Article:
I have allowed my appeal period to expire in my traffic ticket case. I received a ticket back in January for running a red light. I'm convinced I didn't run any such light, so, I plead not-guilty, and went to court. The cocky part of me didn't hire a lawyer, and I lost. With a reduced fine, but I lost nonetheless. I believe that may actually have been the most stressful situation in my entire life. It's taken me a month to even post about it, for goodness sake. Regardless, I now have a conviction on my record for the next three years.

But, here I am to find the silver lining in that cloud. The week after I lost my case I had no trouble with my solo in church. I guess there was something about doing something else much more stressful that made singing not seem like such a big deal anymore. Now I have another one tomorrow, with none of the old butterflies.

Very nice, but why did it have to take something so sucky to fix the other phobia? And what can I do to get over the fear of heights?

Tuesday, July 18, 2006

Made Up Words

I make up a lot of words. Oftentimes this happens because I am trying to communicate something, but there isn't a suitable word, or at least not one I can think of at the moment. Since my mouth works faster than my brain, this happens more often than you might think. Here's an example of the kinds of words I make up.

  • troubleshootability (n.) Range of clarity regarding a piece of code, specifically when researching solutions to problems.
    It is important to find an appropriate balance in optimizing a piece of code for speed and troubleshootability.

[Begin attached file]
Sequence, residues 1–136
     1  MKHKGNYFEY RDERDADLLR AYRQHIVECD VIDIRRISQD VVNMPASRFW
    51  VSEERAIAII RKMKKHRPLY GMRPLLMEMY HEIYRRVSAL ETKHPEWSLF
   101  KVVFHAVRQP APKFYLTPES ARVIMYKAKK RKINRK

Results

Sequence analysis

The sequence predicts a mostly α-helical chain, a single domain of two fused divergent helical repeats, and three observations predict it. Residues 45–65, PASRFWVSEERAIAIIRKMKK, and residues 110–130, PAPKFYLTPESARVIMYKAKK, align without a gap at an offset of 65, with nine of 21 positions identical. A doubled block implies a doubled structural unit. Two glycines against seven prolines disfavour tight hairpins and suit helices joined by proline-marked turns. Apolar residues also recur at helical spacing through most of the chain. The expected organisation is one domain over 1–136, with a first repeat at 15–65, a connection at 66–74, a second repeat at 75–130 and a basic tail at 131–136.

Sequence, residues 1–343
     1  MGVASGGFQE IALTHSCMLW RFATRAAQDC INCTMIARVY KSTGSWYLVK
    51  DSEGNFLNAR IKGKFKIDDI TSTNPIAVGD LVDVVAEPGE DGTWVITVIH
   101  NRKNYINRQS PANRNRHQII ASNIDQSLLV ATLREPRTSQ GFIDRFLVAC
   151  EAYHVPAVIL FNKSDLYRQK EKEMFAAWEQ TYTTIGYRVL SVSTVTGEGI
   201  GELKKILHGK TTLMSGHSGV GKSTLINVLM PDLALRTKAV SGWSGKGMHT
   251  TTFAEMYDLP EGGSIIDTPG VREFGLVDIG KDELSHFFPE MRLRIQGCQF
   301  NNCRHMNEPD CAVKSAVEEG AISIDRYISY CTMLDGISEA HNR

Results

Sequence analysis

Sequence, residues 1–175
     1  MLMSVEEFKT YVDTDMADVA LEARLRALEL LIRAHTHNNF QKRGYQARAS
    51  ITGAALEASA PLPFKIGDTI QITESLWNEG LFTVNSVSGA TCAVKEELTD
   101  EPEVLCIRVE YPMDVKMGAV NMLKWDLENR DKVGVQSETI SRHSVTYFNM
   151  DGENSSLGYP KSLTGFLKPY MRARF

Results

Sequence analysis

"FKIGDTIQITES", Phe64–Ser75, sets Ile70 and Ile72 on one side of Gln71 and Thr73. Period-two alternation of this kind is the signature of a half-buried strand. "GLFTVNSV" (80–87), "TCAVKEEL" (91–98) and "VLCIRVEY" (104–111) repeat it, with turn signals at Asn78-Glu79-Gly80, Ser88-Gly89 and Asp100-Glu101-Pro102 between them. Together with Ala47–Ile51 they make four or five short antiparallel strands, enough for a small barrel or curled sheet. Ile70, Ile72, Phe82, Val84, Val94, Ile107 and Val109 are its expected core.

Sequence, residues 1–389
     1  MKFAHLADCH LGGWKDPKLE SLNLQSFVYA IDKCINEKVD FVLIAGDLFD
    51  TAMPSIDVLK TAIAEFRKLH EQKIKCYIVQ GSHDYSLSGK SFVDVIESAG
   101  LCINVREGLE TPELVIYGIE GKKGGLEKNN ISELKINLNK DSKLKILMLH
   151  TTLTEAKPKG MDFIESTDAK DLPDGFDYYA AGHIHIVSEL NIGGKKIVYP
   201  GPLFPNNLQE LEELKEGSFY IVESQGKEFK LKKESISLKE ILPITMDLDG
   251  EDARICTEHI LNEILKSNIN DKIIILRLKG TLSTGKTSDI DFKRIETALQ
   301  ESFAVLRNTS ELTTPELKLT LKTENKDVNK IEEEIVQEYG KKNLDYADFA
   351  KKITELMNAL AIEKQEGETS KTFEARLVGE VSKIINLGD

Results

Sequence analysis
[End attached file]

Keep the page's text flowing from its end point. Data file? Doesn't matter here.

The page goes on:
• The great thing about my made-up words (in my opinion), is that they are relatively straightforward for people understand what I'm trying to convey. This is, after all, the point of communication, so it seems to work. The bad thing about these is that they tend to be very long. It must be related to my having studied German in highschool, where long compound words are the norm.

    Friday, July 14, 2006

    How Old is an Old Car?

    How old is too old on a car? Which repair is the final straw on the decision? Which repair makes you feel like if this gets fixed, nothing else can need to be replaced anymore?

    The current broken thing on my car is the throttle actuator (I have learned about so many new parts owning this car). What on earth does this do? Well, it's the part that connects your accelerator pedal to the rest of the engine to tell it to go. However, on my car, it's a bit iffy whether that connection will be in place or not. When it's working, the car goes. When it's not, you can press on the accelerator all day long and you'll never hear the engine rev and it won't go faster than the let-your-foot-off-the-brake-and-creep-forward speed. Let me tell you -- that was freaky the first time it happened! But, if I turn off the car, and turn it back on, it fixes it up. For now.